Helen Grace is a new media artist, filmmaker, writer and academic interested in the nexus between art & politics, memory and history. Her work has played an active role in the development of art, cinema, photography, cultural studies and education in Australia and regionally for 30 years. Grace’s work is in the collections of the National Gallery of Australia, Canberra; Art Gallery of New South Wales, Sydney; Art Gallery of South Australia, Adelaide; and has been exhibited internationally in Hong Kong, the US, the UK, France, Spain and Finland. She recently completed a major new video installation, entitled The Housing Question in collaboration with Narelle Jubelin.  The work is currently exhibited at Penrith Regional Gallery, Home of the Lewers Bequest.

Grace is the author of Culture, Aesthetics and Affect in Ubiquitous Media: The Prosaic Image, (Routledge, 2014) and she co-edited (with Amy Chan Kit-Sze and Wong Kin Yuen) Technovisuality: Cultural Re-Enchantment and the Experience of Technology (IB Tauris, 2016). She was Founding Director of the MA Programme in Visual Culture Studies at the Chinese University of Hong Kong and is now Adjunct Professor in the Department of Cultural and Religious Studies at CUHK and an associate in the Department of Gender and Cultural Studies, at the University of Sydney. She is a member of the Film Advisory Panel of Sydney International Film Festival, where she focuses on Asian and independent cinema.

#StrategiesofIntent @4a_Aus
www.4a.com.au


 

Opening: 4AA4 2019

SYDNEY. FRIDAY 4 OCT, 2019. 6.00 – 10.00PM

RSVP here.

Artists: to be announced soon, but works anonymous until sold.

After a five-year hiatus our celebrated fundraising exhibition 4A A4 returns in 2019 as a weekend-long event. 

Challenging local and international, emerging and established artists to create works of A4 size, 4A’s new and existing networks will come together to support the institution. This is your opportunity to expand your collection with unique pieces from leading international artists and the next big thing, all for the price of $200. What will catch your eye?

Here’s how it works:

4A A4 is an exhibition, fundraiser and event that offers A4-sized artworks for sale, each selling at a fixed price of $200. With all works donated by 4A’s extended family of artist supporters, pieces will be hung and sold anonymously, and names of artists will only be revealed after their works are sold.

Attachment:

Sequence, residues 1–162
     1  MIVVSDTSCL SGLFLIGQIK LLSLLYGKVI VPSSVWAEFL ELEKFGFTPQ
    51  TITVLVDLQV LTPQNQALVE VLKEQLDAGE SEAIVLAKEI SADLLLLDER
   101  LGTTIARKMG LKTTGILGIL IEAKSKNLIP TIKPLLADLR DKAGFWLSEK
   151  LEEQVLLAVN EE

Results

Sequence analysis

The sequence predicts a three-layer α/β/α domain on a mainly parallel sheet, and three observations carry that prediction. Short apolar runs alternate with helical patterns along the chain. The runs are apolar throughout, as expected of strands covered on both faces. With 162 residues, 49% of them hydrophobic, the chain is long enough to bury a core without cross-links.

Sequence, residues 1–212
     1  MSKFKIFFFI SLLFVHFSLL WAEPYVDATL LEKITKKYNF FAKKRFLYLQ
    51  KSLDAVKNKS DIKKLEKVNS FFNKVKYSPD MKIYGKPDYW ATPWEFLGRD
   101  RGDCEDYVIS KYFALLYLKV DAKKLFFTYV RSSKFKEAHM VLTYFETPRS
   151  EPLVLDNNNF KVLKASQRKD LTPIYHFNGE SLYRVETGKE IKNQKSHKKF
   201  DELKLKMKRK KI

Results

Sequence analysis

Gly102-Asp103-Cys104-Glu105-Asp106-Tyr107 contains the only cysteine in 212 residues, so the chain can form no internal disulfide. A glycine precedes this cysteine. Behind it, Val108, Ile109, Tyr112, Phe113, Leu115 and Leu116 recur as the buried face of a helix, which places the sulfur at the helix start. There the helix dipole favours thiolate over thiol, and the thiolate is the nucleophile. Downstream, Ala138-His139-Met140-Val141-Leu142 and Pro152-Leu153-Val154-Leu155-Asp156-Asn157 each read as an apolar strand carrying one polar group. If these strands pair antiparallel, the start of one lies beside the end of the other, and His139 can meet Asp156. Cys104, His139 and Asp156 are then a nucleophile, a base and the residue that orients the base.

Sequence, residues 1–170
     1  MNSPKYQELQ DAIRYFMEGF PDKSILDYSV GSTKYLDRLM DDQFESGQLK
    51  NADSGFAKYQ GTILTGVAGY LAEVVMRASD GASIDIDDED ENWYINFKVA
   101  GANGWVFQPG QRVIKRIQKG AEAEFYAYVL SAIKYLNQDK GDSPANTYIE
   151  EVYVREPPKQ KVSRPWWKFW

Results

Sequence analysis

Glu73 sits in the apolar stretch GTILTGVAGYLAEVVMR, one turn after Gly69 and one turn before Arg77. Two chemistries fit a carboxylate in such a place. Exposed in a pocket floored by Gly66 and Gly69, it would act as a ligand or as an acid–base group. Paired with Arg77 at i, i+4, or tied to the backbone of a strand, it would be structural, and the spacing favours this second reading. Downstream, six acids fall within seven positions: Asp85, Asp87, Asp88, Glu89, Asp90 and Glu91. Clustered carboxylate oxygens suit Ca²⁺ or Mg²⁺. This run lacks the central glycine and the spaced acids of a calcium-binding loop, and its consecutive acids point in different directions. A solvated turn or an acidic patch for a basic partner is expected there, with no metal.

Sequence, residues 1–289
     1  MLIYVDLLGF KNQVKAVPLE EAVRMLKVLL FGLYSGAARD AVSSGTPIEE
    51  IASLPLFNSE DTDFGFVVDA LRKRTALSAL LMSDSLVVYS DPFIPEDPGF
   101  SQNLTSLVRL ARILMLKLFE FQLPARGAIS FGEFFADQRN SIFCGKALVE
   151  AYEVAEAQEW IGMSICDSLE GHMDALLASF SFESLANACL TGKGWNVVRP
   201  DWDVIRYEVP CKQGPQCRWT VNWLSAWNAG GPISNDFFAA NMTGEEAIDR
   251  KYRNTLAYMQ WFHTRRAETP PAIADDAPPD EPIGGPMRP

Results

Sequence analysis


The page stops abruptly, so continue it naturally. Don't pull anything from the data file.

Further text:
Here’s how to get involved:

Artists:

If you would like to donate an A4-sized artwork we would love to include your work as part of 4A A4. All works will be accepted: this is a celebration of the breadth and diversity of 4As artistic family.

Click here to download the contribution form, and email hello@4a.com.au to register your interest, and we will provide details on how to contribute.

We invite you to exercise your creativity with regards to the material and medium of the work as long as you keep within the A4 size limit. All works will be hung and sold anonymously, and names of artists will only be revealed after their works are sold, with much fanfare!

As this is a fundraiser for 4A – a non-profit organisation, we are asking artists to contribute their works for this exhibition in exchange for the obvious glory of being involved, and a couple of free drinks at the opening night party. All works will be sold at a fixed price of $200.

For our wider 4A network:
If you aren’t able to contribute an artwork we would still love you to participate in 4A A4. Please, spread the word by sharing our posts on social media with the hashtag #4AA4, and, most importantly, be ready to join us on Friday October 4 (or over the exhibition weekend from October 4-6) to snap up a mystery work. Be warned though – past 4A A4 sales have been very competitive!